Hungary by jet is just a three hours from Israel versus the thirteen hours to Los Angeles. It seems that for Jewish identity building and maintenance David prefers to get on a longer flight to LA.
A 31 year-old David messaged me a few weeks ago on Facebook that he was coming from Budapest to LA. David was coming to participate in a opening a time capsule at Camp Hess Kramer that he had sealed in 1996. Well, things hadn’t changed. It was David’s impression the people he met back at the camp still didn’t know where Hungary was and probably don’t know a lot about an active resurgent European Jewish community estimated at 50,000 to 150,000. Hungary’s Jews are like LA and haven’t done a recent Jewish population survey and also don’t know their community’s vitals.
Open up the LA Times and Chris Erskine writes about French Jew’rney, a Paris based Jewish non-profit with the slogan Vivez L’American Dream (Live the American Dream) which gives French Jewish teens an LA experience.
This goes without mentioning the yearly 350 thousand Israeli tourists and business travelers to the US, of whom at least 50 thousand wind up visiting LA. Compare this to the 20 thousand Birthright Taglit visitors expected this summer in Israel from 31 countries. I would wager that more young Jews visit LA from 32 countries (Israel included) than visit Israel.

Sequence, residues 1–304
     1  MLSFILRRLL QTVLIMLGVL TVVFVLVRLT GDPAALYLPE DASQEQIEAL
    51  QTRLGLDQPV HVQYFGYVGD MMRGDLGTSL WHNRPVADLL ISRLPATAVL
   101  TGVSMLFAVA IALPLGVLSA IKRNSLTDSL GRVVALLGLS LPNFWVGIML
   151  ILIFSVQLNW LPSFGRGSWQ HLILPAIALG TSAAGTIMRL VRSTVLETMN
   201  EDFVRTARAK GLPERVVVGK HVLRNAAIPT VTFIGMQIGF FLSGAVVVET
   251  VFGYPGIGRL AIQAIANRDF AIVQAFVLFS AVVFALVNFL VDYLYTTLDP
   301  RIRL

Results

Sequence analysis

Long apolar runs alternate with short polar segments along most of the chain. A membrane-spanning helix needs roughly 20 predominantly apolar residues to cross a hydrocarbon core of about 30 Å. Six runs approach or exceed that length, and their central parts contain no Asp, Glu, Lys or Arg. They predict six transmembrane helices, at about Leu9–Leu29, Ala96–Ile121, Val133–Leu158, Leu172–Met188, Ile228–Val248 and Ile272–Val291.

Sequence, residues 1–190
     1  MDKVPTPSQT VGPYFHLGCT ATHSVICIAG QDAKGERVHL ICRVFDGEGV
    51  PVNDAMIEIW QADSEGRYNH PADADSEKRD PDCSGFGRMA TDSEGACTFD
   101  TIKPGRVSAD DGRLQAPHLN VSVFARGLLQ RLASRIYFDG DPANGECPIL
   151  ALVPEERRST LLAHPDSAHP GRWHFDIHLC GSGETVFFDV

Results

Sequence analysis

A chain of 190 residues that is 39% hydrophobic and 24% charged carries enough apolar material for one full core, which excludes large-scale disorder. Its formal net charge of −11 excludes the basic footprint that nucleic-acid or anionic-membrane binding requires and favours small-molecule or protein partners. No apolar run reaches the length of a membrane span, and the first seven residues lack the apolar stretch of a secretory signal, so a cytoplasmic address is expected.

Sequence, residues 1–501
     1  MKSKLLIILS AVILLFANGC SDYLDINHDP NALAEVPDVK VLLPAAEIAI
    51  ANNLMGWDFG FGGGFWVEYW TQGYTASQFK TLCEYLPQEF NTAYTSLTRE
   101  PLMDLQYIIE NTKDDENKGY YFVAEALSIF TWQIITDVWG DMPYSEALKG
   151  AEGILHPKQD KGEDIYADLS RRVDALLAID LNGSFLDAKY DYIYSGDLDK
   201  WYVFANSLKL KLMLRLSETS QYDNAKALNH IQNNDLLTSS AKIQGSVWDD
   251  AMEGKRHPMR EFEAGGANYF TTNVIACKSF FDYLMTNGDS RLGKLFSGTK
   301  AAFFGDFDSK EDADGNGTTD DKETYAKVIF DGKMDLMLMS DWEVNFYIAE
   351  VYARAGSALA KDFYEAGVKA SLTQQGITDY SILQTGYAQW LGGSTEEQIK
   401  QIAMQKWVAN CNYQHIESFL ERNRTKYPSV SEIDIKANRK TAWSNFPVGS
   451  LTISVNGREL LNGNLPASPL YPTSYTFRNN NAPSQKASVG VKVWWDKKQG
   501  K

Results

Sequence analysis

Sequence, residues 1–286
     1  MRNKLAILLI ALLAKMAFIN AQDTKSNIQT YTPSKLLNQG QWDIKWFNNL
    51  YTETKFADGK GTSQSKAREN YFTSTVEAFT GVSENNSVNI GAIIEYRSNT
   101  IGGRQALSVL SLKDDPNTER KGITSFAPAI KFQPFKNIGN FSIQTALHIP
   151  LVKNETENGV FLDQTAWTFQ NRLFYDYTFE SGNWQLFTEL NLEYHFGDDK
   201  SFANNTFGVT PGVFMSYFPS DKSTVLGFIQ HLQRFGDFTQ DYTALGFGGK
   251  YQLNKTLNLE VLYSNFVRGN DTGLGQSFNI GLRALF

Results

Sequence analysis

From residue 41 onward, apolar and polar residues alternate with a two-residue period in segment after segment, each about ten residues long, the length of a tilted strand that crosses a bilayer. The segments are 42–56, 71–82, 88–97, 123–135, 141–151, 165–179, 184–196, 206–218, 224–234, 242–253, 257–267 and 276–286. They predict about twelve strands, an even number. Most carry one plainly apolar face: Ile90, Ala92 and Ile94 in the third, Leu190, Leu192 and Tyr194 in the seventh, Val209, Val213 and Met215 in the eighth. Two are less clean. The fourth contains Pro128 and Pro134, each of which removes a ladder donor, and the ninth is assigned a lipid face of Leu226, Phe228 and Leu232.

Just the Brandeis Collegiate Institute (BCI) at the Brandeis Bardin campus of the local American Jewish University has 70 young adult participants from 10 countries and 15 of the US states this summer, not to mention foreign students at Hebrew Union College and other Jewish educational institutions.
The thousands of young Jews from around the world on the double decker Starline buses who regularly pass the Jewish Federation building on Wilshire without knowing what it is, on their way to Rodeo Drive, unaware it is in the middle of the only majority Jewish city in the U.S.
As as Jewish community we don’t take advantage to our young coreligionists presence and largely remain invisible to them during their American adventure. Where’s Hungary, France, Germany, Australia and Klal Yisrael. Our LA American Jewish kids, and even their LA parents, may never know.
August 1, 2011 | 11:38 am
Posted by Pini Herman
Israeli ultra-Orthodox Haredi women in 2010 were averaging one fewer babies than they were five years earlier. Haredi women are now having 6.5 instead of 7.5 babies according to the Israel Central Bureau of Statistics.
Fertility among Israeli secular women actually increased by 0.15 children over the same 2005-2010 period. This increase in Israeli secular fertility replaced most (80 percent) of the loss of Israeli Haredi fertility.
Some factors cited are that the ultra-orthodox push toward larger families is economically unsustainable given the high cost of Israeli housing and Haredi women going to work in greater numbers while Haredi husbands often study in yeshivahs up to twenty years into their marriage..
As older Haredi mothers with larger families age out of their childbearing years younger mothers replacing them are expected to have less babies over their lifetimes.
The trend of lower Israeli Haredi fertility is expected to continue. I estimate that by 2035 Haredi fertility could likely be 3 to 4 babies per Haredi woman. Secular births, currently at slightly above replacement, 2.3 babies may increase to 3 babies per woman, but its doubtful.
The number of never-married single mothers in Israel has increased from 8,400 in 2000 to 15,100 in 2009 – an increase of about 80%. Its likely that this also contributed to the increase in Israeli secular fertility.